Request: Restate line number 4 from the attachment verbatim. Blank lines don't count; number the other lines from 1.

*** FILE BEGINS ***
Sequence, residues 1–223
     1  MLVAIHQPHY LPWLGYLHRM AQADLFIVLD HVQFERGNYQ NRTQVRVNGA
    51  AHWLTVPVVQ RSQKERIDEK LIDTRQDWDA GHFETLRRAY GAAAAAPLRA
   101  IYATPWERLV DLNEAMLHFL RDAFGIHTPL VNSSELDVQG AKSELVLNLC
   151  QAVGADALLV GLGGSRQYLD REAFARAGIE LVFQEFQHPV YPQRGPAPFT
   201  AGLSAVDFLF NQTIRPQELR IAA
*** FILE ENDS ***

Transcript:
   101  IYATPWERLV DLNEAMLHFL RDAFGIHTPL VNSSELDVQG AKSELVLNLC